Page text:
A brief history of 12ax7 tubes

A brief history of 12ax7 tubes

The 12ax7 tube is arguably the most popular audio vacuum tube that has ever been created. It’s popularity is driven by use in many Hi-Fi tube amplifiers and especially guitar amplifiers, where it’s pushed really hard and burns out fairly quickly. Introduced in May of 1947, the tube gained almost immediate popularity due to its very high gain – mu: 100, so it amplifies voltage 100x! Although I’ve seen JJ and Sovtek 12ax7 tubes go as high as 115, but that’s not up to spec.

To this day, 12ax7 is the highest gain tube in history. There was also 6AV6, a single triode tube, but it’s very rare and hasn’t been utilized much. So that huge gain allowed manufacturers (especially phono preamps and guitar amps) to used fewer tubes in their amps and make them more reliable and cheaper.

With all its coolness factors, 12ax7 also had its share of challenges. Producing control grid consistently for such high gain tube was very challenging, which led to large variation in 12ax7 tube quality. This challenge lead to 12ax7 to have higher even-order harmonics. To address these challenges 5751 was introduced in 1949, with more control over grid winding and lower noise, but also lower gain (5751 has mu of 70).

European manufacturers also contributed to the popularity of 12ax7, by introducing their own version called ECC83. It had better cathode materials (leading to longer life). Telefunken is famous for having a great sound and a very long life, in excess of 10,000 hours. Spiral wounded heater wire was also added to the tubes to reduce hum, this was adopted by American manufacturers who introduced 7025 tubes (it has the same distortion as 12ax7 though).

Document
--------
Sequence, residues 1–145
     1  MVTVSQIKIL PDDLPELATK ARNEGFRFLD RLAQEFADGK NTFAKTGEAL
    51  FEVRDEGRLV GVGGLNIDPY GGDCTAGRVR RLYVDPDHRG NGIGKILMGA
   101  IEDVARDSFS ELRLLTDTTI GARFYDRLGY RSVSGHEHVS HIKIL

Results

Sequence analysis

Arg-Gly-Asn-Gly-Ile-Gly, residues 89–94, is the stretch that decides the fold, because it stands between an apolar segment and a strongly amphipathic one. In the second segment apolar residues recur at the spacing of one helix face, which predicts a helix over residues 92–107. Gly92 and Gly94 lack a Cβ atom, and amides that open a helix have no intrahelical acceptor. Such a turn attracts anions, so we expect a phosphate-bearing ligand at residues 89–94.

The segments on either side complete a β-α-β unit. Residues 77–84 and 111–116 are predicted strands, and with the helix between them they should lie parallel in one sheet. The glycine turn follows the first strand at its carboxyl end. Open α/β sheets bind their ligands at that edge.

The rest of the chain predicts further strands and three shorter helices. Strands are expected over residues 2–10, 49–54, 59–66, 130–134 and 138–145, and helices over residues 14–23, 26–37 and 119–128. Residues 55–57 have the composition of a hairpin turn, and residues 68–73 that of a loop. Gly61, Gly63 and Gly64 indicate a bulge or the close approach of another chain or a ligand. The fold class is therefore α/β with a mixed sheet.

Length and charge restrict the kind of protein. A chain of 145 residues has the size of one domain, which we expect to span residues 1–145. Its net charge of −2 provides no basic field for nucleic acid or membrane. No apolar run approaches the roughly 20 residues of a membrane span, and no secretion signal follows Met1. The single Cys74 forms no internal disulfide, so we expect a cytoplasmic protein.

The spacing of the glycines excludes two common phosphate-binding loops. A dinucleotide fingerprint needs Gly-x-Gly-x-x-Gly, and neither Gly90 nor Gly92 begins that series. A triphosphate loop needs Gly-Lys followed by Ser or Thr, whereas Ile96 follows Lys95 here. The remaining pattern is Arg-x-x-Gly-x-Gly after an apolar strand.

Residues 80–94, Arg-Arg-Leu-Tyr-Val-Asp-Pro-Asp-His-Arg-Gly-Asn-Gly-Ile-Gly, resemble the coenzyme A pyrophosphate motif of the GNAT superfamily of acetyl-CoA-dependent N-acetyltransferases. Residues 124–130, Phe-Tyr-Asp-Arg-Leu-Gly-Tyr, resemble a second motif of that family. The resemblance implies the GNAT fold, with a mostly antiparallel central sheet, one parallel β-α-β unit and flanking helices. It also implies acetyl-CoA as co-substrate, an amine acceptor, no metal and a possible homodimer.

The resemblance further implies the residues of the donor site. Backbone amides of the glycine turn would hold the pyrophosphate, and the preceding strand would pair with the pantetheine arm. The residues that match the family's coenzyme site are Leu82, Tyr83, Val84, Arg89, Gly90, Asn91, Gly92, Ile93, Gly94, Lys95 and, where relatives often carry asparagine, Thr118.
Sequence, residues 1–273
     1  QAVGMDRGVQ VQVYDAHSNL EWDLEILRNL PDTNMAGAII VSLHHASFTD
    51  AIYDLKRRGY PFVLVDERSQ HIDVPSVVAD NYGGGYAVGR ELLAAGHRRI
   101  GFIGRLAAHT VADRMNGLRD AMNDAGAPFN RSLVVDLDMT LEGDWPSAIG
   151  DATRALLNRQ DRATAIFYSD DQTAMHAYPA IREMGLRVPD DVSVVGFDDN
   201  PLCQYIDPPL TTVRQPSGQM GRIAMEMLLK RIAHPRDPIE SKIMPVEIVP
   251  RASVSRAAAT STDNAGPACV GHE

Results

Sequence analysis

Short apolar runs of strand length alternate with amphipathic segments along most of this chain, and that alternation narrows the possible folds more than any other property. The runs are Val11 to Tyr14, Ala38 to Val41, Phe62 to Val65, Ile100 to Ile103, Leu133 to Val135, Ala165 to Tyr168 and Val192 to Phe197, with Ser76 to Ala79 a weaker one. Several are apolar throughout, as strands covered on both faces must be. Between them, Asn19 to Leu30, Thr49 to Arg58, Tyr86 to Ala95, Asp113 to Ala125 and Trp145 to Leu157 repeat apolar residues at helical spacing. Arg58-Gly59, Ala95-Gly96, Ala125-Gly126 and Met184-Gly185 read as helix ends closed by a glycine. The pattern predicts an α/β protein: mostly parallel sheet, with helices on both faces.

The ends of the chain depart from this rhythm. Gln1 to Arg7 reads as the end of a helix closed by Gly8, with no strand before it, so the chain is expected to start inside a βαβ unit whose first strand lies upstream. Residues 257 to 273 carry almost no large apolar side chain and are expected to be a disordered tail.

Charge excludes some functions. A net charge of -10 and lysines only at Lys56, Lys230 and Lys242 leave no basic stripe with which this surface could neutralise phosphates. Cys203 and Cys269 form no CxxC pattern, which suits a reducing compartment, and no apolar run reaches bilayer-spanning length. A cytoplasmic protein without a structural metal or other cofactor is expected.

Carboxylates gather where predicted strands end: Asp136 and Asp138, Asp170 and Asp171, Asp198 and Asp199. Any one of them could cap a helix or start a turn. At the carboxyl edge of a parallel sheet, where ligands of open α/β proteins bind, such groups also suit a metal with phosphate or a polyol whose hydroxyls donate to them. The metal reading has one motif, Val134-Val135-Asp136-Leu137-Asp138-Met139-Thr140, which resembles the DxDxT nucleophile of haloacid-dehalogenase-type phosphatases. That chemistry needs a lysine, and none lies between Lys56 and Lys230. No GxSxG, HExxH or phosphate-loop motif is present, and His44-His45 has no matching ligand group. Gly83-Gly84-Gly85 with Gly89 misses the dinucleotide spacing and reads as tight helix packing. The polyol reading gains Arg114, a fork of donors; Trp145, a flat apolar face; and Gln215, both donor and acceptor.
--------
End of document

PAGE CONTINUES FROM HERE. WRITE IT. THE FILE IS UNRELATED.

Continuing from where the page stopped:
Due to its high gain, 12ax7 tubes, especially versions with long plates, were prone to be microphonic. A new variation of the tube was introduced, 12ax7a, which had shorter (14 mm vs 17 mm) tubes. It’s interesting that back in 1960s, it was considered to be an improvement, but these days, long plates and non-A version are more desirable due to their fuller sound.

Different manufacturers were able to do a better job with grid winding and reducing second-order harmonics to a minimum. Mullard was able to bring it down all the way to 0.015% in their early versions circa 1950s, later versions increased to 0.037% though. Sylvania didn’t do well with 0.15% for their 12ax7 tubes, but did great with 5751 (0.02%).

Since its initial introduction in 1947, many variants of the tube have been created. E83CC – a special version of 12ax7 with very long life 12ax7 tube (10,000+ hours) . Telefunken and Tesla also produced frame grid versions of E83CC (to reduce distortions), this technique was later used in 6DJ8 tubes. ECC803S, where S signifies screened tubes with low noise and matched triodes. Genalex’s designation for the specially selected tubes was B759, although all of them were produced by Mullard. For many other variations of 12ax7, see Tube Equivalents

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  1. Pingback: ECC83 Vs 12AX7: Comparing Two Iconic Vacuum TubesĀ  - Killer Rig

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